Asia becomes the top region for corporate R&D spend, according to the 2015 Global Innovation 1000 Study, from Strategy&, PwC’s Strategy Consulting Business

China and India lead dynamic R&D growth in Asia region, driven by imported R&D from the U.S.

Europe suffers lag in domestic and imported R&D, and significant increase in exported R&D, particularly by France and Germany

U.S. remains largest country location for the conduct of corporate R&D, representing the net of domestic, imported and exported R&D

New York, October 27, 2015 – Asia has become the top destination for corporate R&D spend in 2015, accounting for 35% of total in-region R&D, including both domestic and imported R&D. This places Asia ahead of North America and Europe, who dropped to third, in a complete reversal from 2007 when Europe was the previous leader. This is according to the newly released 2015 Global Innovation 1000 Study, from Strategy&, PwC’s strategy consulting business, which uniquely examined the R&D footprint of 207 of the world’s largest corporate R&D spenders.

Robust growth in China and India drove Asia’s growth, recording increases of 79% and 116%, between 2007 and 2015, in imported spend, respectively, as more R&D moves into these regions mainly from the U.S.. Results find that China in particular has become the most popular destination, with 71% of R&D professional survey respondents indicating that the most important reason for moving R&D to China is proximity to high-growth markets. They state other benefits of moving R&D functions to China include: “proximity to key manufacturing sites,” “proximity to key suppliers,” and “lower development costs.”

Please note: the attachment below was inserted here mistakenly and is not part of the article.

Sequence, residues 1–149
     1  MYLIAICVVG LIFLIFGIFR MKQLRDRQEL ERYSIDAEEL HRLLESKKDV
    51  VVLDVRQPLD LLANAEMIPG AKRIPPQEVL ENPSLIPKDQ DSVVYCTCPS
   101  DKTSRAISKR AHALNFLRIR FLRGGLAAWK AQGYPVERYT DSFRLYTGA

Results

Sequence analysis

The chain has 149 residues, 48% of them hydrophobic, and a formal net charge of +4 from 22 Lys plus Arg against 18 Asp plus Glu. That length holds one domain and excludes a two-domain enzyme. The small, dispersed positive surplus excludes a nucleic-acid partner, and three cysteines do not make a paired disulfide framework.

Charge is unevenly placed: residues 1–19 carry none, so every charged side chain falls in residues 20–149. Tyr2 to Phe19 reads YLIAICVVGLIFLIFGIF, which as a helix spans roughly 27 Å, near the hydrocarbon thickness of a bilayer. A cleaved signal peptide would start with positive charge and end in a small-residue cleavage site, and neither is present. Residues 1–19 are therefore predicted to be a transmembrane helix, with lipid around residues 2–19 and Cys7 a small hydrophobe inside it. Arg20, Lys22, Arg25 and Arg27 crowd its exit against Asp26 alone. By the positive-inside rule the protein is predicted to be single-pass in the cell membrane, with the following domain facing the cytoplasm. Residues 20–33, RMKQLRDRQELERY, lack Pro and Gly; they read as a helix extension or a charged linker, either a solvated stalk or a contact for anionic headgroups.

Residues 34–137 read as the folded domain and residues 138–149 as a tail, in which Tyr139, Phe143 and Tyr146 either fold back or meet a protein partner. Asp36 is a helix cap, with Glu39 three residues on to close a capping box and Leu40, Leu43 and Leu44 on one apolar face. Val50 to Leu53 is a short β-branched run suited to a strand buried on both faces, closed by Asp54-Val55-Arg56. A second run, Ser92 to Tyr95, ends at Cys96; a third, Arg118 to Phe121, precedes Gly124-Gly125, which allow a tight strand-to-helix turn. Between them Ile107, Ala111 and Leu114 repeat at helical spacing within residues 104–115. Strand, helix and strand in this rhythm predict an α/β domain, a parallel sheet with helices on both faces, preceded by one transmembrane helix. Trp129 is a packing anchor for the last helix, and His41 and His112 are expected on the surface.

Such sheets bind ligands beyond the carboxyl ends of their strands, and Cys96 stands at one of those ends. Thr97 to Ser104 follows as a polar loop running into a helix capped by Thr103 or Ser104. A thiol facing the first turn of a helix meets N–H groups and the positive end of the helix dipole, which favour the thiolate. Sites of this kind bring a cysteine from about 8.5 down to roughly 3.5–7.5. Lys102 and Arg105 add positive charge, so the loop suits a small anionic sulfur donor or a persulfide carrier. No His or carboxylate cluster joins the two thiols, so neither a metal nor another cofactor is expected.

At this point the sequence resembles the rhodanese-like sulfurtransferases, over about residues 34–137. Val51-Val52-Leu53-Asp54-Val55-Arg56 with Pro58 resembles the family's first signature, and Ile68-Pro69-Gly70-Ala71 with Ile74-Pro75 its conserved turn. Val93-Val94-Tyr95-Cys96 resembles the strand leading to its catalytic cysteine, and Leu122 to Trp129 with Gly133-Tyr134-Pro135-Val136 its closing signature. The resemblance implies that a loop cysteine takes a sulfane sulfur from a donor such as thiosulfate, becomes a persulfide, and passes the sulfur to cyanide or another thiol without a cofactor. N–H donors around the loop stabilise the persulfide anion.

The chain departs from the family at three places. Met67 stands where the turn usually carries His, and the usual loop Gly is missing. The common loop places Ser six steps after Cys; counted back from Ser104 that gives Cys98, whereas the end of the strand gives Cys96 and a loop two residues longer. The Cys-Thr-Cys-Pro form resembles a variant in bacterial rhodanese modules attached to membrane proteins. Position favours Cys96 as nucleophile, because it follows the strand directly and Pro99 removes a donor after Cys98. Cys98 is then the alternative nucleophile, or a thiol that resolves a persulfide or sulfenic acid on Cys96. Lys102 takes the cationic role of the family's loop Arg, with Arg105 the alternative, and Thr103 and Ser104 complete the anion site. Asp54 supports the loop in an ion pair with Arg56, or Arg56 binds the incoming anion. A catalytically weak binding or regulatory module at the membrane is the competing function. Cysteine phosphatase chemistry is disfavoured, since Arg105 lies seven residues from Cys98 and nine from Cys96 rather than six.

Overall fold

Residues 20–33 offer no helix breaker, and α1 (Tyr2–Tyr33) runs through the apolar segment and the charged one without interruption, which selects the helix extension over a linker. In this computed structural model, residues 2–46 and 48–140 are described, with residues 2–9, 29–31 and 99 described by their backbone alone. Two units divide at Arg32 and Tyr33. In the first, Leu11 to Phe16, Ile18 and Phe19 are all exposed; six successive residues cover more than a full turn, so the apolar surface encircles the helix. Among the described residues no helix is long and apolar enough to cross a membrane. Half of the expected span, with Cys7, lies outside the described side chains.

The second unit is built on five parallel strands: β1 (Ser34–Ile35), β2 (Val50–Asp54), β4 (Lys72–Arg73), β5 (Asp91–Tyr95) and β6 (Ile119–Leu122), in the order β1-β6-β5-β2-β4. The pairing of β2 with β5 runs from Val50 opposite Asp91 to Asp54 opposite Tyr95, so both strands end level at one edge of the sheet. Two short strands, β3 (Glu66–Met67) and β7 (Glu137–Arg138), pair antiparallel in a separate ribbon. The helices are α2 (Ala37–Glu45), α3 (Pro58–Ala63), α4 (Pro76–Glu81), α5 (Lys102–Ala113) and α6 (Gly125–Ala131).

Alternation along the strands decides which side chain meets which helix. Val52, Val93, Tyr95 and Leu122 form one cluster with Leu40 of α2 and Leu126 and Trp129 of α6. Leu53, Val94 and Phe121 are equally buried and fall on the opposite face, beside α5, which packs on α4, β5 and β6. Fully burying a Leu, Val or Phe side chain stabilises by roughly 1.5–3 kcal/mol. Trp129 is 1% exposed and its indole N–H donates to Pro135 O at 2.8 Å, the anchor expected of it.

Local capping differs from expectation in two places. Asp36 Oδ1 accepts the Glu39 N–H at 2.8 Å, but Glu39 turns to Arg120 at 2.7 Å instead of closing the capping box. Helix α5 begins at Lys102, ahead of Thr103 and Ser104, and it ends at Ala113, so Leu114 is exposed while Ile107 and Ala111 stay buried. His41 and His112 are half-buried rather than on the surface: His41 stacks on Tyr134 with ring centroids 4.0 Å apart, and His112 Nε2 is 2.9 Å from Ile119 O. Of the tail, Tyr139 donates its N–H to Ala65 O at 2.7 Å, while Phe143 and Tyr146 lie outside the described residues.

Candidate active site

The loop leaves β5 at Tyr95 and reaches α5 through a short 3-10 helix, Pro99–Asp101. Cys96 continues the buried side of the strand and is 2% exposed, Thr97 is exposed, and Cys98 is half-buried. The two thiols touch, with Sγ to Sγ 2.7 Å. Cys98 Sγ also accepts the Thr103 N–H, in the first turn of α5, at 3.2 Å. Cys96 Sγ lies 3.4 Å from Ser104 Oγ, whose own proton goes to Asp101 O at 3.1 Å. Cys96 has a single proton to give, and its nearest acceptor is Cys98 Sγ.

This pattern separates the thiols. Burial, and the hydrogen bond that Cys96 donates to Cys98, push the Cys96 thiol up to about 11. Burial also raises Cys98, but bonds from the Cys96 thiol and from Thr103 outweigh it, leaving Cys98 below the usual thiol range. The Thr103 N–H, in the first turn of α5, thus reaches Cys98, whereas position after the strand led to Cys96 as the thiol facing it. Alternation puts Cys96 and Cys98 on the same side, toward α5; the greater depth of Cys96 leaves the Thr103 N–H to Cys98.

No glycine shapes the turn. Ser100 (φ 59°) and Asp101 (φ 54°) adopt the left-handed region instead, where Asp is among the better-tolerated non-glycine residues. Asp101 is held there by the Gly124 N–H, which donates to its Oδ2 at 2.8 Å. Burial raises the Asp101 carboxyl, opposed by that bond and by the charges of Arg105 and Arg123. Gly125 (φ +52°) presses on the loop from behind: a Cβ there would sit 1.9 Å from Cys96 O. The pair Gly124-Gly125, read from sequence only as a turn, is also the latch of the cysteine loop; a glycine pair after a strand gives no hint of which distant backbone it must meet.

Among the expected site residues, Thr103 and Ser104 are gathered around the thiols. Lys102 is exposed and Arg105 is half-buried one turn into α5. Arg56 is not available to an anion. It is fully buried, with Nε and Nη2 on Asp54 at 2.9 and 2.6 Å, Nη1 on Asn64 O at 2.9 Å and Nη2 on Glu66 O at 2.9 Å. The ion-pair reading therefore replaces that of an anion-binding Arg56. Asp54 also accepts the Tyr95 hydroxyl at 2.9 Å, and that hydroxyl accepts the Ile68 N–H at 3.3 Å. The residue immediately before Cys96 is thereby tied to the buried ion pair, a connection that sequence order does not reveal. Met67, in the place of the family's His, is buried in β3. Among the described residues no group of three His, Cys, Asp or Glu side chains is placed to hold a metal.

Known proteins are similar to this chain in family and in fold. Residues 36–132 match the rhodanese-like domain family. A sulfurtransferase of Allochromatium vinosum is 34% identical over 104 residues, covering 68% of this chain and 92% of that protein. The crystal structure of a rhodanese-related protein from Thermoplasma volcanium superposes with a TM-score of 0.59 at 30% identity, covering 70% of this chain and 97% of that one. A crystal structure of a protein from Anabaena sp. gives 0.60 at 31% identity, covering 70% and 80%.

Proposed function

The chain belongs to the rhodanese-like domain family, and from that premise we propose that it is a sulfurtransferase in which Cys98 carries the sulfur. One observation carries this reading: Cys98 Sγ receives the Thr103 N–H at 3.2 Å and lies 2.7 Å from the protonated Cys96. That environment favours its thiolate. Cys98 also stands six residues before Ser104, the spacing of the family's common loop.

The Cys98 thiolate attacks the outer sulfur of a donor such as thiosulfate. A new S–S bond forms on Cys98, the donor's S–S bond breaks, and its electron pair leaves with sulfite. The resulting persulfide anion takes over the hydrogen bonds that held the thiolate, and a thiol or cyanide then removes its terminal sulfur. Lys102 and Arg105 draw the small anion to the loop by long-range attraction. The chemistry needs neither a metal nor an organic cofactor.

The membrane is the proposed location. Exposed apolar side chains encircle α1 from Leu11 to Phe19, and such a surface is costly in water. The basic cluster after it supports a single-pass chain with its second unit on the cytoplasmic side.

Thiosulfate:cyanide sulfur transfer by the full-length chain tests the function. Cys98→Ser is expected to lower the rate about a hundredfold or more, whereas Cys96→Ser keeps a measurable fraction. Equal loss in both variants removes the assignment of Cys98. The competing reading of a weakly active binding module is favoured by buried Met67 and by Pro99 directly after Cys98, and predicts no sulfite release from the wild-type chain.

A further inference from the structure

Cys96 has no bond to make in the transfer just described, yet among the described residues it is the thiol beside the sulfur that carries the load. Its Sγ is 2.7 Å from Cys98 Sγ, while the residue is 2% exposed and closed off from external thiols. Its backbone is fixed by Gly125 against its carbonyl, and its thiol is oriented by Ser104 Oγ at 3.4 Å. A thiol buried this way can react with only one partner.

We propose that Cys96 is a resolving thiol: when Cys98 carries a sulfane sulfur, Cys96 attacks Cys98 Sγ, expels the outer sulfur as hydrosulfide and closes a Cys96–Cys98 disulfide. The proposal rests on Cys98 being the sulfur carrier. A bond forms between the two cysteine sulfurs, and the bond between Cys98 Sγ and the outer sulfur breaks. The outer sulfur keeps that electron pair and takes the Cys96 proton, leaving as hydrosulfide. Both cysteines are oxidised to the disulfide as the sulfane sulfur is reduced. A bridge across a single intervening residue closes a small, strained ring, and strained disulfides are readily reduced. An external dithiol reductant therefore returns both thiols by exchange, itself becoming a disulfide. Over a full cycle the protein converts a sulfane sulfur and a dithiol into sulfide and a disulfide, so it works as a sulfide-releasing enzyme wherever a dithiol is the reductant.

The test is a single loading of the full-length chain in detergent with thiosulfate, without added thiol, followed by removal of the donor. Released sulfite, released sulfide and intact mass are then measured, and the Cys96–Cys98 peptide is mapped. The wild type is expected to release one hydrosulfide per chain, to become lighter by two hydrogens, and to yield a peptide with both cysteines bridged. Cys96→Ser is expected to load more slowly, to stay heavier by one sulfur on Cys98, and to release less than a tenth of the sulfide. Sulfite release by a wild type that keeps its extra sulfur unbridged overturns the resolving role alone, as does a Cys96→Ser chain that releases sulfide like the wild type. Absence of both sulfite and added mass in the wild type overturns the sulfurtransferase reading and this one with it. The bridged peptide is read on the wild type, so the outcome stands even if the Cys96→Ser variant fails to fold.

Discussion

“Asia taking the lead as the top destination for corporate R&D is not surprising when you look at where companies are spending their R&D dollars to support their revenue growth goals – a prime indicator of how R&D is trending globally – and how much of R&D is headed to the Asia region,” says Barry Jaruzelski, a U.S. firm principal with Strategy& as well as the study’s creator and lead-author.

Europe falls behind on corporate R&D spending; France & Germany main factors
The study finds that Europe’s fall to the third largest region for corporate R&D spend is a result of low growth in domestic and imported R&D, coupled with a substantial rise in exported R&D – particularly from France and Germany. Comparatively, Europe’s domestic R&D spend growth has risen just 2% between 2007 and 2015, compared to gains of 40% in North America and 60% in Asia. At the same time, European countries have increased their R&D allocation to high-cost offshore countries in North America and Asia, but not to nearshore Western Europe. In particular, France has decreased domestic R&D by 20%, has decreased imported R&D by 21% and has increased exported R&D by 46% between 2007 and 2015. Additionally, while Germany’s domestic R&D has increased 48%, imported R%D has fallen 7% and exported R&D has increased 76% between 2007 and 2015.

“Europe went from being the largest region for the execution of corporate R&D to the third behind Asia and North America – it’s the hollowing out of Europe,” comments Barry Jaruzelski. “The high growth of exported R&D to other countries, particularly from France and Germany, are huge factors in this reversal.”

The U.S. remains the largest spender of in-country corporate R&D, whether domestic, imported or exported